by Kara Rogers

Do Arctic wolves use cooperative hunting strategies?

nature, wolves, wolf, global warming, arctic, climate change, sea ice, musk ox, carbon dioxide
Sep. 05, 2012

Insectos en Español? Que fantástico!

by The Bug Chicks

Learn about the yucca moth and the yucca plant and why pollinators are so important. In English and Spanish!

insects, bugs, pollinators, pollination, mutualism, yucca moth, yucca moth
Sep. 04, 2012

3D Mars Curiosity Photo

by Ira Flatow

Mars, Curiosity, 3D, Rover,
Sep. 04, 2012

Delmarva Peninsula's Endangered Squirrel

by Kara Rogers

The Delmarva fox squirrel is a very, very large squirrel. It can tip the scales at as many as three pounds.

squirrels, animals, endangered species, nature, gray squirrel
Aug. 29, 2012

Insects and Human Society: Webspinners

by The Bug Chicks

You’ve probably all seen silk webbing in the ridges of tree bark. It could be a spider’s web, or it could’ve been made by the elusive and shy insects called webspinners in the Order Embiidina.

bugs, insects, entomology
Aug. 27, 2012

A Warbler Rises from the Ashes

by Kara Rogers

Down to just 167 singing males in 1987, the Kirtland's warbler population has rebounded, with 1,828 males counted in 2011. The species has risen, almost literally, like a phoenix from the ashes.

warbler, bird, nature, kirtland's warbler,
Aug. 22, 2012

Insect Collecting: Pan and Baited Traps

by The Bug Chicks

A few weeks ago we showed you how to make a piece of insect collecting equipment called a beat sheet. In this post, we’re going to add pan traps and baited traps to your DIY collecting tools.

bugs, insects, entomology, bug collecting, nature
Aug. 20, 2012

The Fabled Jackdaw

by Kara Rogers

The jackdaw's intelligence and curiosity perpetuate the bird's tendency to get into trouble.

birds, ornithology, nature, natural history, crows, jackdaw
Aug. 16, 2012

Hot Guys and Smelly Socks

by Danica McKellar

An excerpt from the book "Girls Get Curves" by Danica McKellar provides an introduction to logic and reasoning.

math, mathematics, math education, education, science education, girls, geometry
Aug. 15, 2012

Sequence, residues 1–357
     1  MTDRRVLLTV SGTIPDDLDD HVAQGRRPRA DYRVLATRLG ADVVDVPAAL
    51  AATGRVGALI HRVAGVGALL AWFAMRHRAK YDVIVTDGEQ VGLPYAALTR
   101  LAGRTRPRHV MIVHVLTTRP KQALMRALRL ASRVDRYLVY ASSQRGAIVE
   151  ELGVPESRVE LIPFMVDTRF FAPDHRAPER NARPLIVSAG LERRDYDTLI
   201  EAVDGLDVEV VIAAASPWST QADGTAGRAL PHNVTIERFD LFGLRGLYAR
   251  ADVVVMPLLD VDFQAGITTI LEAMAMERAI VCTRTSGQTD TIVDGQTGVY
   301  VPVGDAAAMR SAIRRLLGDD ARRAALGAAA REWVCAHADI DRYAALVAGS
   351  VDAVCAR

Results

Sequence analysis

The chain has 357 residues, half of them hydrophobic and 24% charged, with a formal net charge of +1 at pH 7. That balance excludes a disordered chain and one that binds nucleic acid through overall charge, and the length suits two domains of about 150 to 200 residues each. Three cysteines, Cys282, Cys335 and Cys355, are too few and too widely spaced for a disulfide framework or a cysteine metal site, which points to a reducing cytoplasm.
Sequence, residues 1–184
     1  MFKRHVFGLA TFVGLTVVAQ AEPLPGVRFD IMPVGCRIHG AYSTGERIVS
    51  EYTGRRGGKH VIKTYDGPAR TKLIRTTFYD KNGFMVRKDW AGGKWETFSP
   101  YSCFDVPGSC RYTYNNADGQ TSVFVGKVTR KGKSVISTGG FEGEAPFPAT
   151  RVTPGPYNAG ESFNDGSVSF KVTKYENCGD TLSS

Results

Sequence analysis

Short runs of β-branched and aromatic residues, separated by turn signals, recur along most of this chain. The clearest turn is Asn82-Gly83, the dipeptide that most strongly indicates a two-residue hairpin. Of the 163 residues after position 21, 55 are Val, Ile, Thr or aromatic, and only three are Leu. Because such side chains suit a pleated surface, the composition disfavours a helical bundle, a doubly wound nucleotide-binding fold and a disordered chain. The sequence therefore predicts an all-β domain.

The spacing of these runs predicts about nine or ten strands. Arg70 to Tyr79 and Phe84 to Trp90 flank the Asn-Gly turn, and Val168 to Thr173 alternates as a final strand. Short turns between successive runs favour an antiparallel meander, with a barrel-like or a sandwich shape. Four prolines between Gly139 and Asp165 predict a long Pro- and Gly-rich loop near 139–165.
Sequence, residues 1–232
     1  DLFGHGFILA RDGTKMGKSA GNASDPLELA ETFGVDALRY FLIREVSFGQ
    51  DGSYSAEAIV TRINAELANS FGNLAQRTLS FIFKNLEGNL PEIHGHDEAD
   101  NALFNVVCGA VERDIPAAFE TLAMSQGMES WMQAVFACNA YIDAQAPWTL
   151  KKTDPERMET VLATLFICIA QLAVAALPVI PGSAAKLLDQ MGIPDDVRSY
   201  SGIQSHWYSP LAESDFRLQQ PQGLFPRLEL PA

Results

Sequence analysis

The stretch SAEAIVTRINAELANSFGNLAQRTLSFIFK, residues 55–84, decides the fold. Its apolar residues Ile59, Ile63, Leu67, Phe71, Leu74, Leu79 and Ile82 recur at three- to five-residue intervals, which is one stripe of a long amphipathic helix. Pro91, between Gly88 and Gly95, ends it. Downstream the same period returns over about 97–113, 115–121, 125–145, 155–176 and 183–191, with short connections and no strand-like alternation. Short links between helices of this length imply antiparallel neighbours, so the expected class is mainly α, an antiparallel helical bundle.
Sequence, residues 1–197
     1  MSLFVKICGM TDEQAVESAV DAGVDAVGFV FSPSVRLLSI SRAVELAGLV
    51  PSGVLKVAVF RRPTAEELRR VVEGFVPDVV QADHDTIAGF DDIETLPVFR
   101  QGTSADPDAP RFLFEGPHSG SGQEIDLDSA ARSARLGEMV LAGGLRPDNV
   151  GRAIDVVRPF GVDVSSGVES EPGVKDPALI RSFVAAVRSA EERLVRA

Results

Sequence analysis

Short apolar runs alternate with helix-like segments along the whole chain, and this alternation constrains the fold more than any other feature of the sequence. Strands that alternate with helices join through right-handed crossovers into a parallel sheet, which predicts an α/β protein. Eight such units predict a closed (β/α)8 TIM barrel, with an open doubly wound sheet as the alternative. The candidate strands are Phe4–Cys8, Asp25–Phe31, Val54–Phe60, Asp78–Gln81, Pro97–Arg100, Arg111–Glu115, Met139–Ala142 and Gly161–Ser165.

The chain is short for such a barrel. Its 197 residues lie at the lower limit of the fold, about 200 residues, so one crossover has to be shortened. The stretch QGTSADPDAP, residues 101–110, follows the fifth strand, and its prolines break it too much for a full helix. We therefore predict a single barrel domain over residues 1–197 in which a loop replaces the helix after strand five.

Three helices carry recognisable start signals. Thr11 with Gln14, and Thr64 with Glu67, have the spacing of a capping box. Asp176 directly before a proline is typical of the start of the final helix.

Tricky Mister! Indirect Sperm Transfer in Primitive Hexapods

by The Bug Chicks

In this video, we teach about indirect sperm transfer behaviors of these arthropods, in a slightly different way than other entomologists. Our way involves costumes. And mustaches. Enjoy!

bugs, insects, silverfish, mating, animal behavior, sexual reproduction
Aug. 08, 2012

the tANTalizing touch

by The Bug Chicks

This podcast explores the tactile communication of ants and how they use touch to interact with their environment.

bugs, insects, nature, podcast, apps, senses, arthropod
Aug. 08, 2012

Mars Excitement: Back to the Future

by Ira Flatow

Curiosity Lander: Excitement Recalls Viking

Space Mars Curiosity Rover Exploration
Aug. 07, 2012

The Numbat: A Most Unusual Marsupial

by Kara Rogers

The numbat, aka the banded anteater, is a marsupial native to Australia.

nature, animals, Australia, numbat, marsupial
Jul. 30, 2012

Footprints on the Moon

by Ira Flatow

Space Apollo Moon Footprint
Jul. 25, 2012

Message in a Cornicle

by The Bug Chicks

Aphids produde an alarm pheromone to defend themselves against predation.

bugs, insects, pheromones, biochemistry, alarm pheromone, predation
Jul. 24, 2012

Life in the Street Canyon: The Role of Plants in Maintaining Air Quality

by Kara Rogers

Street canyons--narrow streets lined by buildings hundreds of feet tall--are unique to the urban landscape. But while their structure undoubtedly adds to the allure of cities, it also effectively traps pollutants emitted by vehicular traffic traversing the canyon floor, resulting in poor air quality.

nature, plants, botany, conservation, biodiversity, ecology, urban ecology, cities, air pollution, pollution
Jul. 17, 2012

The Contagious Nature of Yawning

by Kara Rogers